A B C D 1 LastnameN Residence Town ST 2 burnsN 121 Burns Road Burnett CA 3 JohnsN 31 Johnson Ave One Horse WY 4 SmithN 1441 Smith Hwy Big Pond OH 5 WagnerN #N/A #N/A #N/A

We probably would not show the oldname, so by substituting the Oldname i.e. \$B2 we'll change the previous formulas with:

```former \$B2       INDEX(SHO!\$A\$1:\$A\$20,MATCH(A2,SHO!\$B\$1:\$B\$20,0))

B2      =VLOOKUP(INDEX(SHO!\$A\$1:\$A\$20,MATCH(A2,SHO!\$B\$1:\$B\$20,0)),SHR!\$A\$1:\$D\$20,2,FALSE)
C2      =VLOOKUP(INDEX(SHO!\$A\$1:\$A\$20,MATCH(A2,SHO!\$B\$1:\$B\$20,0)),SHR!\$A\$1:\$D\$20,3,FALSE)
D2      =VLOOKUP(INDEX(SHO!\$A\$1:\$A\$20,MATCH(A2,SHO!\$B\$1:\$B\$20,0)),SHR!\$A\$1:\$D\$20,4,FALSE)
```
If the table SHN were used the substitution in blue above would be
```former \$B2       VLOOKUP(\$A2,SHN!\$A\$1:\$B\$20,2,FALSE)
```
These formulas could be simplied by substituting tables:
```SHOA     SHO!\$A\$1:\$A\$20
SHOB     SHO!\$B\$1:\$B\$20
SHR      SHR!\$A\$1:\$D\$20
SHN      SHN!\$A\$1:\$B\$20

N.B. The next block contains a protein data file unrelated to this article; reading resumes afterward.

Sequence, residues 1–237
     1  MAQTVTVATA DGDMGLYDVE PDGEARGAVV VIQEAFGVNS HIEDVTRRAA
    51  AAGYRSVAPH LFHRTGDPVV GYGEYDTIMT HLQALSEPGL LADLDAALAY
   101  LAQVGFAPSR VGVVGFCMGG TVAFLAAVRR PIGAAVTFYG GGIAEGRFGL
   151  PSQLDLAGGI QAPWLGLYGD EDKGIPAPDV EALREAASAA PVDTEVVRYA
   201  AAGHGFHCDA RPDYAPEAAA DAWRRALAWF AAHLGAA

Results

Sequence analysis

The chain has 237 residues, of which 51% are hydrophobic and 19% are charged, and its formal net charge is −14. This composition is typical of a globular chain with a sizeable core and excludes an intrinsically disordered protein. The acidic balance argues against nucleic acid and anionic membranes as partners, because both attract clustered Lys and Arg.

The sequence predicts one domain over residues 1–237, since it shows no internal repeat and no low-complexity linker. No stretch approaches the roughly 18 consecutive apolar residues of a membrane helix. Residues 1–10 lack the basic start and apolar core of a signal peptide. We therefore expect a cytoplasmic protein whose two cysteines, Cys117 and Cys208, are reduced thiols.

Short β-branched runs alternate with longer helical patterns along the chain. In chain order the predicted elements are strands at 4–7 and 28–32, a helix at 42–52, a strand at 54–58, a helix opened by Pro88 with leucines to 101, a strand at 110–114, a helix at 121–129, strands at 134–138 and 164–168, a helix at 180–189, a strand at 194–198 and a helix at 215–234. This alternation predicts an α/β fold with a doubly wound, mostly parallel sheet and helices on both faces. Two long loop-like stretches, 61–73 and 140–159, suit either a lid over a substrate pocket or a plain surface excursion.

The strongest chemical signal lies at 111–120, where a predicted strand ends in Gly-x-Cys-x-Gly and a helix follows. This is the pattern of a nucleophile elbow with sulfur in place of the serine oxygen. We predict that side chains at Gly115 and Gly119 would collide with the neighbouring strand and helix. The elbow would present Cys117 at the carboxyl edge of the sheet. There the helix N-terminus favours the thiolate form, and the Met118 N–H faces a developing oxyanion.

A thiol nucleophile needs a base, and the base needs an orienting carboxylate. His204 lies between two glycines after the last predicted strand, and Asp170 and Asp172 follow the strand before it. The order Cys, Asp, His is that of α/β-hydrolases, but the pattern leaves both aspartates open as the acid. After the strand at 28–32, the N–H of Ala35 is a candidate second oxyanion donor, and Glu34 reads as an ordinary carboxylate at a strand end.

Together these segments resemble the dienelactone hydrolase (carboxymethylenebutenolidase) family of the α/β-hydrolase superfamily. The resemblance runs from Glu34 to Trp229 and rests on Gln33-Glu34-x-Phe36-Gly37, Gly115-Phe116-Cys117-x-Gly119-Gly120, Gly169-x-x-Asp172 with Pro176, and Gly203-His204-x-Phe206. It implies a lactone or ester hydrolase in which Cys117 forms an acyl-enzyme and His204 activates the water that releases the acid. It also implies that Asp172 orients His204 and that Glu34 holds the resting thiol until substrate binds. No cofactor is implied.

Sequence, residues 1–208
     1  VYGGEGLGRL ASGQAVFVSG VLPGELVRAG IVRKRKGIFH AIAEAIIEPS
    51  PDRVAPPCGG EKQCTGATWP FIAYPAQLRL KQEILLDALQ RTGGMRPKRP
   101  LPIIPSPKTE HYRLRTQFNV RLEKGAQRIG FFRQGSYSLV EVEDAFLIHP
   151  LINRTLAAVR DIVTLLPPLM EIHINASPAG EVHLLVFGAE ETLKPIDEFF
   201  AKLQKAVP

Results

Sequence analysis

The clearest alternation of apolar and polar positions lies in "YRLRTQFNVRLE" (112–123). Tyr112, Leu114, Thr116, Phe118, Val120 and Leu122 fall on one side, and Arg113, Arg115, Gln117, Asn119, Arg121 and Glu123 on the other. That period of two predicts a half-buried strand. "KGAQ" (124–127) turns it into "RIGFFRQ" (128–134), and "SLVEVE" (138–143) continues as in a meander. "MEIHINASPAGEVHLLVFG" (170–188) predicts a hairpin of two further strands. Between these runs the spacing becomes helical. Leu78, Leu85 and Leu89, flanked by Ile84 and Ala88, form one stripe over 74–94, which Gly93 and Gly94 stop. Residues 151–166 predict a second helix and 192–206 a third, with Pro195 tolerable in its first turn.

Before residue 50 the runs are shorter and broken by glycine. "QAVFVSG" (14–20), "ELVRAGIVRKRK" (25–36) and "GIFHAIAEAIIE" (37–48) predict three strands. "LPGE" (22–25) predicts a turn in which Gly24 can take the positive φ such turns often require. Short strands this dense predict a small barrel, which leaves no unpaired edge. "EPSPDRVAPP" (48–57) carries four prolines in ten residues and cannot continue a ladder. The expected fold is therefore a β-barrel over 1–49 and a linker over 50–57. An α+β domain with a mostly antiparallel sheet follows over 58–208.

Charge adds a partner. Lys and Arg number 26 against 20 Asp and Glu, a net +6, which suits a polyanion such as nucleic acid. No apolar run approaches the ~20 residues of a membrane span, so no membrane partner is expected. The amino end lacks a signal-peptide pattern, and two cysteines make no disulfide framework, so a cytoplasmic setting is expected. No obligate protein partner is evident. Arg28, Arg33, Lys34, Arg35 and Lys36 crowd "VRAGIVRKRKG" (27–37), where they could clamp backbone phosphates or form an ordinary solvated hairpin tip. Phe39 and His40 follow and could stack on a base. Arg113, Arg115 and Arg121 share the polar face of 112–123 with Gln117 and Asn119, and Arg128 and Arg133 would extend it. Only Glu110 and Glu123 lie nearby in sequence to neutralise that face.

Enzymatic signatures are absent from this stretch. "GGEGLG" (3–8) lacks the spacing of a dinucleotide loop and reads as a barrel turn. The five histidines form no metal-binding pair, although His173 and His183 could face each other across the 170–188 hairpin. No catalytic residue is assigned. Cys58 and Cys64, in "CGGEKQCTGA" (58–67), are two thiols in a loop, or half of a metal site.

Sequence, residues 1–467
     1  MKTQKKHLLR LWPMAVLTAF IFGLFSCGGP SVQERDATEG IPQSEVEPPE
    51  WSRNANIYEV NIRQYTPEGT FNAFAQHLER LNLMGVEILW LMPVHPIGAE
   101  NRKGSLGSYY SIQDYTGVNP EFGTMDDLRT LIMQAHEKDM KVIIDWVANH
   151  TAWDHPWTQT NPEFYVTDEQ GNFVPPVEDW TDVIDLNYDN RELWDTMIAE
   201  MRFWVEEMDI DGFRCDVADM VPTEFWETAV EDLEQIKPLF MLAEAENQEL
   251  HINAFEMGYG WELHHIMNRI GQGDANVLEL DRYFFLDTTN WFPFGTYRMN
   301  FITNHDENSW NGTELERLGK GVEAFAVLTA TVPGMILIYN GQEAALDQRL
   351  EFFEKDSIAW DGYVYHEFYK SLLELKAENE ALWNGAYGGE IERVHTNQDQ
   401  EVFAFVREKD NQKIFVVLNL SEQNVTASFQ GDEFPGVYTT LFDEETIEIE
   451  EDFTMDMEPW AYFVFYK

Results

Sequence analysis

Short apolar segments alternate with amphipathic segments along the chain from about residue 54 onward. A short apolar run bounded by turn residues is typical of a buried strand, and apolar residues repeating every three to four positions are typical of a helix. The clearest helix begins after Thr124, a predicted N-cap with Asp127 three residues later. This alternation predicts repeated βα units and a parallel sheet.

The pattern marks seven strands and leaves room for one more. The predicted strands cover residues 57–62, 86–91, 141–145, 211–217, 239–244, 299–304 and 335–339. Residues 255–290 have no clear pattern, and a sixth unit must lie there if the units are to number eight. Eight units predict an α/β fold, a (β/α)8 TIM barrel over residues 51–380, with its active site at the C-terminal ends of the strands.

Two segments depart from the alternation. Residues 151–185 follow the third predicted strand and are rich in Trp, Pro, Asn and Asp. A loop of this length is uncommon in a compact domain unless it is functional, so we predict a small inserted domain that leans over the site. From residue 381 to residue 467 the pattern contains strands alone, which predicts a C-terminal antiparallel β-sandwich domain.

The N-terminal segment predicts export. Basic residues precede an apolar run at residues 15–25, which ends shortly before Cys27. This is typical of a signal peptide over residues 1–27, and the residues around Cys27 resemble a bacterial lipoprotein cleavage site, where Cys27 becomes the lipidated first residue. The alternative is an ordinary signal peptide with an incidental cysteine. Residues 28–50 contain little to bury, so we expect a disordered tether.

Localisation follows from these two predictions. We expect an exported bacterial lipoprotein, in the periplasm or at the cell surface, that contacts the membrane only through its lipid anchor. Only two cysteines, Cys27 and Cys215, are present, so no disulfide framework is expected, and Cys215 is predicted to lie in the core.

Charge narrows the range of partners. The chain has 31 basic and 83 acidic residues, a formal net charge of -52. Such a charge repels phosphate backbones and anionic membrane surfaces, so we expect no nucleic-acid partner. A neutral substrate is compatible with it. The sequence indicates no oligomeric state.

```

### Tables (#tables)

Table SHN - Newname/Oldname
 A B 1 LastnameN LastnameO 2 burnsN BurnsO 3 JohnsN JohnsO 4 SmithN SmithO
Table SHO - Oldname/Newname
 A B 1 LastnameO LastnameN 2 burnsO BurnsN 3 JohnsO JohnsN 4 SmithO SmithN

Table SHR - Oldname/Residence

 A B C D 1 LastnameO Residence Town ST 2 BurnsO 121 Burns Road Burnett CA 3 JohnsO 31 Johnson Ave One Horse WY 4 SmithO 1441 Smith Hwy Big Pond OH

### Using VLOOKUP Worksheet Function in VBA   (#vba)

Examples from Peter Beach and Tom Ogilvy 2000-05-05.
```Application.WorksheetFunction.VLookup(Range("C4"),Range("A1:B10"),2,False)

You have to use VBA ranges as arguments 1 and 2

Sub Tester5()
Range("E18").Select
Set rng = Range(ActiveCell.Offset(-2, -4), _
ActiveCell.Offset(13, -3))
Results = Application.VLookup(Range("C4").Value, _
rng, 2, False)
If Not IsError(Results) Then
MsgBox Range("C4").Value & " was found, results: " _
& Results
Else
End If
End Sub

This worked fine for me in Excel 97, SR2, US English
lookup range was A16:B31 for an active cell of E18.  These just represent an
approach.  Set the ranges you need.
```

### Looking for incorrect/missing items between two tables (#missing)

An interesting solution provided to Tom Ogilvy, misc, 2001-05-09 (Tallying of Datas)

 A B C D E 1 Book Id Location Date In Date Out 2 23 1 02/12/2001 04/22/2001 3 45 5 04/17/2001 04/19/2001 Location Mismatch 4 57 6 03/18/2000 03/19/2000 5 59 7 05/12/2001

 A B C D 1 Book Id Location Date Purchased 2 23 1 02/12/2000 3 45 2 04/17/2001 Location Mismatch 4 56 5 04/20/2000 Missing ID 56 5 57 6 03/18/1999 6 59 7 05/12/2000

Formula in D2 of Sheet M.Set1:  (use fill-handle to fill down)
=IF(ISERROR(VLOOKUP(A2,M.Set2!\$A\$2:\$C\$200,2,FALSE)),"Missing ID " & A2,IF(VLOOKUP(A2,M.Set2!\$A\$2:\$C\$200,2,FALSE)<> B2,"Location Mismatch",""))